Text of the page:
Friday Facts: October 16, 2015

Friday Facts
October 16th, 2015 by Leave a Comment

It’s Friday!

Events

December 8: Register to attend, “The Case for K-12 Student-Based Budgeting in Georgia,” a summit and luncheon hosted featuring experts from the Reason Foundation and Allovue.10:30-1:30 p.m. at The Gallery, Cobb Galleria Centre. $30. Registration and information here.

Quotes of Note

“A coalition of sentiments is not for the interest of printers… [T]he printers can never leave us in a state of perfect rest and union of opinion. They would be no longer useful and would have to go to the plough.” – Thomas Jefferson

“Lecture series in the car schooling. Tutoring in the coffee shop schooling. Socratic dialogue while brother plays the organ at church schooling. Classes at co-op schooling. Music lesson schooling. Biology during brother’s ear training schooling. … Homeschooling. Who came up with this name?” – Ana Martin

Transportation 

Transit: Light rail is a poor fit for the Sun Belt states, and an article in NewGeography outlines why. Transit works well generally in older cities with historically large downtowns built largely before the ascendency of the car. In New York, the Manhattan business districts account for about 20 percent of the workforce. In contrast, most Sun Belt cities have far fewer downtown jobs. Atlanta’s downtown, for example, has just 9 percent of the metro Atlanta workforce. 

Collaboration or control? Miami’s new transit chief will also be in charge of roads and cars for hire, Mayor Carlos Gimenez announced. “Many transit agencies are embracing the concept of ‘mobility management,’ which is a strategic approach to service coordination and customer service. … Mobility management moves transit agencies away from the traditional role as a fixed-route service operator, and toward collaboration with other transportation providers, both public and private.” 

Education 

Per-pupil spending: Money isn’t everything, as a 24/7WallSt. article on student funding indicates. In five of the nation’s worst-funded districts, graduation rates are in excess of 92 percent; in five of the best-funded states, less than 80 percent of a given class graduates high school. Nationally, district spending averages $10,700 a year. The district with the highest spending: Pocantico Hills Central School District, N.Y., at more than $61,000 per student.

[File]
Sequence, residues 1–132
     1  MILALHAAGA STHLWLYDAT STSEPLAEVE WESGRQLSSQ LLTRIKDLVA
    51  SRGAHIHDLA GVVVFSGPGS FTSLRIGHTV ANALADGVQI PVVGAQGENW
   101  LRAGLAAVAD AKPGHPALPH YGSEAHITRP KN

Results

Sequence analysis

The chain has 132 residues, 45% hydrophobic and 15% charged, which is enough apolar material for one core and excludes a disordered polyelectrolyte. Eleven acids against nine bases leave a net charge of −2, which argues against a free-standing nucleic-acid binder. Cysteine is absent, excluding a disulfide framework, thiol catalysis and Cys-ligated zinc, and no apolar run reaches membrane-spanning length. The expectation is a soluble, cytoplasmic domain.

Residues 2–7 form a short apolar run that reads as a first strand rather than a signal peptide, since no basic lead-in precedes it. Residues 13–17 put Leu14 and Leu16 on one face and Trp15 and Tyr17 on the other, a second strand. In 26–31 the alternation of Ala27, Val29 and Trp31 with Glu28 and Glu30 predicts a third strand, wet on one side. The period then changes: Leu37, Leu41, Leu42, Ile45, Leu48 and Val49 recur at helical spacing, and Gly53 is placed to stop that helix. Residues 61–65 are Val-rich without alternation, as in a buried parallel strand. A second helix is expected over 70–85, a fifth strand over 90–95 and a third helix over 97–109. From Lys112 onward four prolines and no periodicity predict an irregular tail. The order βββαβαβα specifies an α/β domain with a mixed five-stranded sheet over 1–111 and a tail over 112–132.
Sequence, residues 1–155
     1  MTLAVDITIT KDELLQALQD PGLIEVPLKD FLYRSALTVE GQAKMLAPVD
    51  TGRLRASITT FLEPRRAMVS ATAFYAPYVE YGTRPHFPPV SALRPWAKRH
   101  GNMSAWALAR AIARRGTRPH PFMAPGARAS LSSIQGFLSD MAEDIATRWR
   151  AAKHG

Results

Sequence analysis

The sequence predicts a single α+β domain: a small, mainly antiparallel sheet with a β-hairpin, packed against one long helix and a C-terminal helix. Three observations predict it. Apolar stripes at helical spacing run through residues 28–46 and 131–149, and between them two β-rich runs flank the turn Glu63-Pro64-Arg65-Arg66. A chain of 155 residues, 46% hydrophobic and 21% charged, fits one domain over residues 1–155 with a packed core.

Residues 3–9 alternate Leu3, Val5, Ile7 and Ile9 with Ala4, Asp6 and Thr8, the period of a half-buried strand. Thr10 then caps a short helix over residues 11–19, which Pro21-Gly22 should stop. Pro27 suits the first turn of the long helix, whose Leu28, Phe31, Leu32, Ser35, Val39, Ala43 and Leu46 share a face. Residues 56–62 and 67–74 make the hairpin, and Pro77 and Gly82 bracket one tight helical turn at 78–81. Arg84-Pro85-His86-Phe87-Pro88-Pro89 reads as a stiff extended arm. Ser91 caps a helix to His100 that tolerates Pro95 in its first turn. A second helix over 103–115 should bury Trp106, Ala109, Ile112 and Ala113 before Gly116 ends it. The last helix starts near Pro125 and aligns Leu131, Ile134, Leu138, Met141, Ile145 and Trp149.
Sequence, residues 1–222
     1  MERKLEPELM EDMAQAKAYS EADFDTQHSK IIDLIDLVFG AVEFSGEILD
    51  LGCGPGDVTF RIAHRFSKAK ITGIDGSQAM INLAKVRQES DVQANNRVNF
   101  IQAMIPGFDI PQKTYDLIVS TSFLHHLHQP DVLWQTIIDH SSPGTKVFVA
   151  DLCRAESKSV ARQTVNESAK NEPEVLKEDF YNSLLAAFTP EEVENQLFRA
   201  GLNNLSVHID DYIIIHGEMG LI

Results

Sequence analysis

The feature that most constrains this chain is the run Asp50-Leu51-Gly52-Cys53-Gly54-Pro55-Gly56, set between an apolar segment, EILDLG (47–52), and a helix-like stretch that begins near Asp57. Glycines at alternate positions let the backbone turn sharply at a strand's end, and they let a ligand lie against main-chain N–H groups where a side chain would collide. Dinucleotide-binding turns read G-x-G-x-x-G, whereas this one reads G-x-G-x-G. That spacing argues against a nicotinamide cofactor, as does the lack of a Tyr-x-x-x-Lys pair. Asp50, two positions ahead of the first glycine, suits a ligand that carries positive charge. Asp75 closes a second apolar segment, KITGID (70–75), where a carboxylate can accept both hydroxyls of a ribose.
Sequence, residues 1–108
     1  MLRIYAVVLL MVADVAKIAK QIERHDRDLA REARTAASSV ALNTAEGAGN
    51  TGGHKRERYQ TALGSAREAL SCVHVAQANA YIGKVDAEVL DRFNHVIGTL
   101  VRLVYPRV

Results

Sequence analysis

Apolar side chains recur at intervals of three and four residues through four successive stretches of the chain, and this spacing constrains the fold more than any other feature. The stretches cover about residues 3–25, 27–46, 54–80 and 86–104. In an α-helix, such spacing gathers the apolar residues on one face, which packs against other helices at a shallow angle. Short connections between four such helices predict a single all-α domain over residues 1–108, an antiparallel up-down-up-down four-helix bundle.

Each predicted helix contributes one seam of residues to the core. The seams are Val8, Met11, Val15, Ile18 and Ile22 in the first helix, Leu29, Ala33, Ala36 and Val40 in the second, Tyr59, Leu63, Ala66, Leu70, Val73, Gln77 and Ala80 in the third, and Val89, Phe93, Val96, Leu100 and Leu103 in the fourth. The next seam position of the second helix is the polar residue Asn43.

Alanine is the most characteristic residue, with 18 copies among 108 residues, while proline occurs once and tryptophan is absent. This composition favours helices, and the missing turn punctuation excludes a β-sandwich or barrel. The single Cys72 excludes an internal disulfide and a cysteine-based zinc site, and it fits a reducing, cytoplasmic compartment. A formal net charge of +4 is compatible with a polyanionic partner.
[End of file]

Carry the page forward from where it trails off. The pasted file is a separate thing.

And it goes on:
School choice matters: For five consecutive years, all of the graduates of Urban Prep Academy, a Chicago charter school, have been accepted at four-year colleges and universities. Last spring, 240 students had college acceptance letters in their hands before receiving their diploma. Meanwhile, this week, the former superintendent of Chicago Public Schools – the nation’s third-largest school district – has pleaded guilty to fraud. Barbara Byrd-Bennett was indicted in what prosecutors described as a kickback and bribery scheme involving contracts.

Economy

Upbeat economics: Princeton economist Angus Deaton, 70, has won the 2015 Nobel Prize for Economics. In his 2013 book, “The Great Escape: Health, Wealth, and the Origins of Inequality,” he wrote: “Life is better now than at almost any time in history. More people are richer and fewer people live in dire poverty. Lives are longer and parents no longer routinely watch a quarter of their children die.” He concluded that international aid had little to do with that progress, and suggested that free trade and new incentives for drug companies would make a larger contribution in the future. Source: Wall Street Journal

Tax rankings: Georgia is 49th in the nation when it comes to what the state collects in taxes per capita, according to the Tax Foundation. The state took in $1,788 in 2013, the most recent data available. New Hampshire was lowest, at $1,777, while North Dakota was No. 1, collecting $7,438 per person.

Friday Flashback 

This month in the archives: In October 2005, the Foundation published, “A Fine Week for Freedom.” It noted, “Regulations multiply as individual responsibility declines and private property rights are weakened for the ‘common good.’” 

Media 

Social media: The Foundation is closing in on 2,700 Facebook “likes” and nearly 1,500 Twitter followers at twitter.com/gppf. Now you can follow us on Instagram, too! 

Visit www.georgiapolicy.org to read our latest commentary, “City-Run Broadband Internet Is a Disaster in the Making,” by Kevin Glass.

Have a great weekend!

Kelly McCutchen and Benita Dodd

FRIDAY FACTS is made possible by the generosity of the Georgia Public Policy Foundation’s donors. If you enjoy the FRIDAY FACTS, please consider making a tax-deductible contribution to help advance our important mission by clicking here. Visit our Web site at www.georgiapolicy.org. Join The Forum at http://forum.georgiapolicy.org. Become a fan of the Foundation on Facebook and follow us at twitter.com/gppf and Instagram.

Leave a Reply

Your email address will not be published. Required fields are marked *

…One of the best things about the Georgia Public Policy Foundation is that it has such a broad membership base.

Dr. Wendy L. Gramm, Former Chairwoman of the Commodity Futures Trading Commission more quotes